Microsoft is releasing Office 365 into another nine countries, bringing its total market penetration to 140 of 196 countries worldwide.
The fact that you can now get Office 365 just about anywhere there is a business culture is not surprising. But the pace at which it has developed is startling.
When it launched just over two years ago, it was available in around 40 markets. A year later it was in 88 markets. By the end of 2013, it was up to 127 markets and now ... well, just about everywhere.
For the record, the new markets that have come on stream this week include: Afghanistan, Botswana, Ethiopia, Namibia, Nepal, Tajikistan, Tanzania, Uganda and Zambia. In addition, Office 365 is available for non-profits (direct only) in Cyprus, Estonia and Paraguay
Ok, so unless you live in those countries, this news won’t really set your world on fire. But it is worth noting that six of the countries are in Africa, which has a rapidly growing appetite for IT, especially IT that can be consumed on mobile devices.
It is difficult even at this stage to assess how deep Microsoft has penetrated into these markets. The company is historically reluctant to publicize its figures around its different products, but it does give tantalizing markets in its quarterly figures.
Last month it produced first quarter results for 2015. While they were generally good all round, it seems that its client base just couldn’t get enough of its cloud products over the quarter.
According to a statement that accompanied the figures, Office 365 Home and Personal subscribers totaled more than 7 million at the end of the quarter, which is 25 percent sequential growth over the previous quarter.
It also reported that Office Commercial products and services revenue grew 5 percent as customers moved to Office 365, while commercial cloud revenue grew 128 percent, driven by Office 365, Azure and Dynamics CRM. Breaking that down further, the statement also shows that Lync, SharePoint and Exchange collectively grew by double-digits.
Microsoft’s Office 365 Strategy
In the blog post outlining the new market gains, the Office 365 team said these figures were inevitable and were part of the plan when Microsoft's Business Productivity Online Standard Suite (BPOS) was still around and Office 365 was only a twinkle in Steve Ballmer’s eye:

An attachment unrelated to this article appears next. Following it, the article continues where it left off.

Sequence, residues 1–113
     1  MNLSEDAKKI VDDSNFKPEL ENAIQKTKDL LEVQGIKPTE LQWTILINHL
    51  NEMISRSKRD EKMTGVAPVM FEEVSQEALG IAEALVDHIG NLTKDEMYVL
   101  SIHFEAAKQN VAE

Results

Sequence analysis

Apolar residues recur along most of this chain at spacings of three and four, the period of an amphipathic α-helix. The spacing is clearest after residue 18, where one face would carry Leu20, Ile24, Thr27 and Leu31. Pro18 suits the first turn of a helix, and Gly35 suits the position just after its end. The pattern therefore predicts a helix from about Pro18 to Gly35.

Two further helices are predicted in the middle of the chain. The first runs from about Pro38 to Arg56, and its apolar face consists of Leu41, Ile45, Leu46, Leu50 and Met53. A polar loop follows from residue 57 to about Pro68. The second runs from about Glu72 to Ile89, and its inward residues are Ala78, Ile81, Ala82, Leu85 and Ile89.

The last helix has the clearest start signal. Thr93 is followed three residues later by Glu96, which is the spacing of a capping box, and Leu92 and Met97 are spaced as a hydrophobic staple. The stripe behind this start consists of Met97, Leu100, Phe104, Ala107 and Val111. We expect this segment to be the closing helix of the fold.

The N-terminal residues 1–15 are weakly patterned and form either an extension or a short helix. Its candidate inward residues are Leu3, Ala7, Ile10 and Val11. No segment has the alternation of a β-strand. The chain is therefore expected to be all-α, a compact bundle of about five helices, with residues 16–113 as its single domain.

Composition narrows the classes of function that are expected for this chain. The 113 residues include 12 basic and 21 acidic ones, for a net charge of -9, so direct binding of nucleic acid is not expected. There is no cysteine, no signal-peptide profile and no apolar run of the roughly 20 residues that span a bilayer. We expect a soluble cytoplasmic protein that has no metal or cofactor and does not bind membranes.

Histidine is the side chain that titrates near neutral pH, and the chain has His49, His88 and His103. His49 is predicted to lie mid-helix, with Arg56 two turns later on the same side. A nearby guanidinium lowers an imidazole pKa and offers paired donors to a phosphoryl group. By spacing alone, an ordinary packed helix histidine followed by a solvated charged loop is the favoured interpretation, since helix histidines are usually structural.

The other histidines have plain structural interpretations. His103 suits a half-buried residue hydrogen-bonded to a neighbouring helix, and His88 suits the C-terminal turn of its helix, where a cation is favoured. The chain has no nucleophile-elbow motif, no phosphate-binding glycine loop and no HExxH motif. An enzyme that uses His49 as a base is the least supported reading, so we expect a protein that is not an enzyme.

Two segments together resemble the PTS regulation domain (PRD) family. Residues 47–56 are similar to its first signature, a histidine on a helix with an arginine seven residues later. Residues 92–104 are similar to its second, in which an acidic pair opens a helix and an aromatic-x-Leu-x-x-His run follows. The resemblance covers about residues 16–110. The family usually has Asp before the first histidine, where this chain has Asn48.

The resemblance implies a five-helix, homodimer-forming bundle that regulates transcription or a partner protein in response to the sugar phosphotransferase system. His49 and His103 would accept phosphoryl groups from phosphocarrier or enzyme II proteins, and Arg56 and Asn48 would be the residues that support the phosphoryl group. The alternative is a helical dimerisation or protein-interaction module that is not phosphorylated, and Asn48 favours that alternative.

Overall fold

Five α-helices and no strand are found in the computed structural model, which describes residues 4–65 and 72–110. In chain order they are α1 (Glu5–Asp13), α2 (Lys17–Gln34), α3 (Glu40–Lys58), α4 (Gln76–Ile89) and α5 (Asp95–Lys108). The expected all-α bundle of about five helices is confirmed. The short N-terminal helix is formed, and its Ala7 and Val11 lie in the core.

1n 2010, the idea was simple — bring together the Microsoft productivity suite, including Office, SharePoint Online, Exchange Online and Lync Online, in an always-up-to-date cloud service and charge a predictable monthly subscription. From that simple idea Office 365 was born," the post reads.
You can interpret this any way you want, but the success and, more importantly the development of Office 365 seems to be as much the result of chance as it was the result of a universal master plan.
While Office had always been a stable of the Microsoft portfolio, the development and acquisition of other products that ended up in Office 365, like Yammer, appears pretty random, with some of those products — Yammer again — only really finding their place in the suite in recent times.
But at this point, Microsoft can say what it likes about it really, as its success is undisputed and to the victor goes the spoils.
In this respect, Google’s rebranding of Enterprise as Google for Work almost seems a tacit acknowledgement of Office 365’s enterprise market dominance, particularly as Microsoft continues to develop not only the product but the business too.
Indeed, at the end of last year, Forrester research showed that, 20 percent of enterprises are using email in the cloud, with a further 25 percent expected to move over the next year. Only 1 percent use IBM SmartCloud for Social Business, and more are using Office 365 (14 percent) than Google Apps (9 percent).
It also pointed out that most companies plan to move to Office 2013, with 16 percent planning to have it completed by the end of this year, and a further 20 percent next year.
Even keeping in mind that these figures are now nearly a year old, it is still clear that the deployment of Office 365 continues apace in the enterprise.
While there are other productivity suites available out there that have all managed to build up respectable markets — IBM, Soho and even LibreOffice, the free and open source office suite — it seems that at least for the moment, Office 365 is unassailable.